Sustainable Practices of Community Tourism Planning: Lessons from a Remote Community

Article excerpt

This article examines community tourism planning practices through the theoretical framework of deliberative democracy, and provides an example of best practices of integrating tourism planning and development into community comprehensive planning. It illustrates how a small remote community on Vancouver Island, Canada embraced practices of participatory dialogic planning in its official community planning process. Having faced a threat of tourism development going out of control, this community decided to take a proactive stance and collectively design a policy framework to guide potential developers. Fresh and innovative planning and policy approaches not only helped safeguard community and social capitals, but exemplified fresh unconventional practices of embedding community based tourism planning into broader sustainable community planning efforts.

Keywords: community development; deliberative democracy; participatory planning; rural tourism

Introduction

The decline of traditional industries and agriculture in recent times has forced many urban and rural areas to turn to tourism as a field of opportunities on the way to economic growth and diversification (adapted from Hall & Mitchell, 2000; Hall, 2005). As a result, tourism is now one of the target industries for communities of all sizes wishing to integrate it into their overall comprehensive plans (Blackstock, 2005; Murphy & Murphy, 2004). The promise of tourism is especially apparent in rural areas experiencing economic instability and disintegration of the local fabric (adapted from Gannon, 1993). While rural tourism development alone is not the panacea to the ailments of rural regions, it has a great potential when integrated in broader community development efforts. The latter scenario often means diversification of the economic base, provides opportunities for social, economic, environmental, and cultural development, and also ensures greater security for the community (Gannon, 1993; Murphy & Murphy, 2004).

For such an endeavor to be successful and sustainable, it has to be both community-led and participatory (1). Significant community development takes place only when local residents are committed to investing themselves and their resources in the effort (Kretzmann & McKnight, 1993); when it comes to rural tourism development and planning, the most successful examples of tourism occur in communities in which there is broadly based resident participation in the planning and development of tourism projects (Butler & Hall, 1998; Cooke, 1982; Godfrey & Clarke, 2000; Marien & Pizam, 1997; Pearce & Moscardo, 1999; Tosun & Timothy, 2001). In other words, for tourism or community development to be sustainable, local control over public decision making and planning is needed (Gibbs, 1994). This community based participatory planning and decision making implies a process of interaction within the community, which ultimately leads to the development of community (adapted from Marcus & Brennan, 2008). This process can be further enhanced by a policy framework at the national and regional levels that would favor the development of sustainable community based tourism practices (World Tourism Organization, 1994). Such a policy would also encourage successful partnerships of public, private and nonprofit sectors within the broader resident population, ensuring sustainability of outcomes and policy and financial support of community-backed initiatives.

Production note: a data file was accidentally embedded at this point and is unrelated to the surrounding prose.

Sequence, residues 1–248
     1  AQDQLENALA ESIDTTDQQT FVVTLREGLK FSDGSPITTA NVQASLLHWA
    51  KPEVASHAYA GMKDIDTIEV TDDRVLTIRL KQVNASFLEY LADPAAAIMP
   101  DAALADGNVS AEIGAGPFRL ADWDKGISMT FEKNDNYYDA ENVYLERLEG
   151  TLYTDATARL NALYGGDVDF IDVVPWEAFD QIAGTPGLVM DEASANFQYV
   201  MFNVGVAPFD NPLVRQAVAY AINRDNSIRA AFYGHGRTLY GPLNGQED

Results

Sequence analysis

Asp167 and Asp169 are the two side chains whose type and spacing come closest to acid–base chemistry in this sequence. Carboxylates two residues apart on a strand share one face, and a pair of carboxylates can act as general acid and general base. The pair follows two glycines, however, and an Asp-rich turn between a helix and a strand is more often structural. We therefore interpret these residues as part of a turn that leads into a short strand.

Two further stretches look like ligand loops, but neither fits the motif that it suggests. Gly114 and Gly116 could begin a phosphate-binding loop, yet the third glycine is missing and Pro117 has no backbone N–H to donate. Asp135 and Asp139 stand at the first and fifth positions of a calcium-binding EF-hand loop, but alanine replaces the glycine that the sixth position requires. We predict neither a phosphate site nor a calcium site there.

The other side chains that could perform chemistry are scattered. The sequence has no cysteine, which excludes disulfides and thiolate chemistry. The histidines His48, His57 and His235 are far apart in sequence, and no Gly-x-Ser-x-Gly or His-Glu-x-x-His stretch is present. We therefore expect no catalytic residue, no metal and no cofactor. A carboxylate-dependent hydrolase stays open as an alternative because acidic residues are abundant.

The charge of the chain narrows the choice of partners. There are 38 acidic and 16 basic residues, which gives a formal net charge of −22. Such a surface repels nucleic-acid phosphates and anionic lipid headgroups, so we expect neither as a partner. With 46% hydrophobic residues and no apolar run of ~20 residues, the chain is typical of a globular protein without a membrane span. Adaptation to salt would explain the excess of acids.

While this sounds a rather complex task to undertake, examples of successful community tourism planning practices are readily available. This paper discusses the experiences of one such community through the theoretical framework of deliberative democracy. Following review of pertinent literature, we will examine new and unconventional practices of embedding community based tourism planning into broader sustainable community planning efforts. …